While the above responses do indeed point to weaknesses in arguments that compare the existence of God to “Flying Spaghetti Monsters” or orbiting tea pots, they do not specifically address what I think is the most important problem with the New Atheists, and that is that the very use of such arguments shows that the New Atheists do not know what they are talking about when they use the word “God.” What all of these New Atheist memes – invisible pink unicorns, “Flying Spaghetti Monsters,” orbiting tea pots – have in common is that they compare God to finite contingent physical objects existing within the known physical universe. God is understood to be one additional entity among others in the same way that an orbiting teapot would be one teapot among other non-orbiting teapots or a “Flying Spaghetti Monster” would be composed of “spaghetti,” a physical substance of which every grocery store has numerous items. (This is also evident in the New Atheist claim “I just believe in one less god than you do,” or the claim, “I don’t believe in the Christian god, but I don’t believe in Zeus or Thor either.”)
In the same way that an argument about Physics as a scientific discipline would have to address accurate accounts of the scientific discipline and not beliefs in phlogiston or physical reality being made of earth, fire, air, and water, New Atheist rejections of the Christian God at least should clearly show an understanding of what it is that Christians mean when they affirm that God exists. And no competent Christian theologian or philosopher has ever claimed that God is one finite contingent entity among others – another item existing within the physical universe. When the New Atheists say that they do not believe in God, comparisons to “Flying Spaghetti Monsters” and “orbiting tea pots” make clear that they do not know what they are talking about.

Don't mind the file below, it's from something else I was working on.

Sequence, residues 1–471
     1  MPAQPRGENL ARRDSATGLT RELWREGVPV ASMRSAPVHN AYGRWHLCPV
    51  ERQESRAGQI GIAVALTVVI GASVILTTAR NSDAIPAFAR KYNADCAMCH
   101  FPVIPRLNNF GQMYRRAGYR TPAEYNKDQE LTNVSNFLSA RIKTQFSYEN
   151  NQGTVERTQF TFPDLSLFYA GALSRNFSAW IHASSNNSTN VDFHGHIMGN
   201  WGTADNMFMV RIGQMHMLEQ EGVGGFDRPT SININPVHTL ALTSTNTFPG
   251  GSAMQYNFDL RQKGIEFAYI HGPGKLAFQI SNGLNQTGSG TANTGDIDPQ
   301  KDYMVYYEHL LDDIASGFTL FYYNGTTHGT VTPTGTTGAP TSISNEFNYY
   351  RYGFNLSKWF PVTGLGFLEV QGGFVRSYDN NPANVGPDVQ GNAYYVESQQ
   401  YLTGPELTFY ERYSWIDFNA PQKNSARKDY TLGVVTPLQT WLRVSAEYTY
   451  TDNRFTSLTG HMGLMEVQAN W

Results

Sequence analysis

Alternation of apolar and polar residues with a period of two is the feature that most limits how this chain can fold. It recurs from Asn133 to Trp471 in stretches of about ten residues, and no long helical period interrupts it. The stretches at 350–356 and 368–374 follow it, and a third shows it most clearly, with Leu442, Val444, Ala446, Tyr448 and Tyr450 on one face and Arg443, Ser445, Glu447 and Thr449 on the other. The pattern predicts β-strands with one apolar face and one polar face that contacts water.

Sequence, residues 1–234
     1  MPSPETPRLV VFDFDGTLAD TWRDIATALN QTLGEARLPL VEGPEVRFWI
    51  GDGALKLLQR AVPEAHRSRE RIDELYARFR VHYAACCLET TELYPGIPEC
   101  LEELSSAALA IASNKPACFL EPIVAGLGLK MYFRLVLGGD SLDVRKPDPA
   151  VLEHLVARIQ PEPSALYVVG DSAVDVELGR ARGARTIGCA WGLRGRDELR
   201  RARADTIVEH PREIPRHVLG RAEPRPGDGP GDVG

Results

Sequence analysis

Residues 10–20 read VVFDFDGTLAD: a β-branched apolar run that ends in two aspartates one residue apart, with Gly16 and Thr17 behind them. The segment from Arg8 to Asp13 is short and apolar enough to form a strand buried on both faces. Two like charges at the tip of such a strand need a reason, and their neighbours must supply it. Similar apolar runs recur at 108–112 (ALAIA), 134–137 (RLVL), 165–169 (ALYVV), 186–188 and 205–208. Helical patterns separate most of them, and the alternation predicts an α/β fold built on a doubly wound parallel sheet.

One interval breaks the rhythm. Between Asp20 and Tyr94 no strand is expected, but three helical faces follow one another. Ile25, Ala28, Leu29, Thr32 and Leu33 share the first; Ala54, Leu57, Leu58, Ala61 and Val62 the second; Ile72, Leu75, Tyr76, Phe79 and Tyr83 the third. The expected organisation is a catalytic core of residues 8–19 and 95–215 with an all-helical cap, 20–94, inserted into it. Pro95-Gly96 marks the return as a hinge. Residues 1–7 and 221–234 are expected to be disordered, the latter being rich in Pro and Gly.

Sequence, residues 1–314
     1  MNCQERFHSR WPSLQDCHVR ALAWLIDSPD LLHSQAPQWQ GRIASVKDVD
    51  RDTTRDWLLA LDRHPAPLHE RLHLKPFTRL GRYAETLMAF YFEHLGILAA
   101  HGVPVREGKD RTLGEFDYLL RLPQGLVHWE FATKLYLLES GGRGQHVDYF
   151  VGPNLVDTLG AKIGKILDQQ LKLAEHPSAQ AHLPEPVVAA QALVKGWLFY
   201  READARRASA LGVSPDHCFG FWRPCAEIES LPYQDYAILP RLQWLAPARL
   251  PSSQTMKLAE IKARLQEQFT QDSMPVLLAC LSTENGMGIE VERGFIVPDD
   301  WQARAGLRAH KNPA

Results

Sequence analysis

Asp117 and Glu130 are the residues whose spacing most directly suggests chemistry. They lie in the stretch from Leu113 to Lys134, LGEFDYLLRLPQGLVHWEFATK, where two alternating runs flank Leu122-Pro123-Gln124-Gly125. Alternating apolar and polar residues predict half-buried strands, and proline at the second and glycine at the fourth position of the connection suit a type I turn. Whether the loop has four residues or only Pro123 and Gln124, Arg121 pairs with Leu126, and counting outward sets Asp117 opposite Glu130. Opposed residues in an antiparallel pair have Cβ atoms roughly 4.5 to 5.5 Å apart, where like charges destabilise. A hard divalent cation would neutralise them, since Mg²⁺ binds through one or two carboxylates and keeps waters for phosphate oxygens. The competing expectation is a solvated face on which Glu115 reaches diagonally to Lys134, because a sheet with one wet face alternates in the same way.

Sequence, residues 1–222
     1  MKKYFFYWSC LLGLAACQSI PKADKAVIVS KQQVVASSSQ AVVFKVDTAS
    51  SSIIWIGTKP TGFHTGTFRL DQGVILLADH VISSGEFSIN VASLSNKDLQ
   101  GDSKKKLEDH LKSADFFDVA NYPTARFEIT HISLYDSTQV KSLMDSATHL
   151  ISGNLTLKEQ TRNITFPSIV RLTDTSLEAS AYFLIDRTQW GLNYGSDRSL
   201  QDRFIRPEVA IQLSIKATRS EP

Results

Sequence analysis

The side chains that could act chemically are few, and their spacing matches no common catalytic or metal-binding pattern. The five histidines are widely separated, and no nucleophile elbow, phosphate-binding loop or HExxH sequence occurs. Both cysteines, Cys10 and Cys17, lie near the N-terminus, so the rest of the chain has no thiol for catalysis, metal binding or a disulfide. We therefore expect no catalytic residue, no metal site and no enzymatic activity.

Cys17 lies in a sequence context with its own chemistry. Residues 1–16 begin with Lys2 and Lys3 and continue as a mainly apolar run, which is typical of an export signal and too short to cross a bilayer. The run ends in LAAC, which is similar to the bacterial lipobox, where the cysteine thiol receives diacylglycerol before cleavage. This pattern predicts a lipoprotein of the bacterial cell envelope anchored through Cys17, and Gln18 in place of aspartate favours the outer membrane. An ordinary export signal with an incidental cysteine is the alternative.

If one is going to deny the existence of God, then what needs to be denied is the God of historical Christian faith, and the place to turn for an account of this Christian God would be classic Christian theologians such as Irenaeus, Athanasius, Augustine, John of Damascus or Thomas Aquinas, or even more contemporary theologians such as Karl Barth or Thomas F. Torrance (among Protestants), or (among Catholics) Hans Urs von Balthasar or Matthew Levering or numerous philosophical theologians such as David Burrell (my dissertation director) or Herbert McCabe, or Orthodox thinkers such as David Bentley Hart.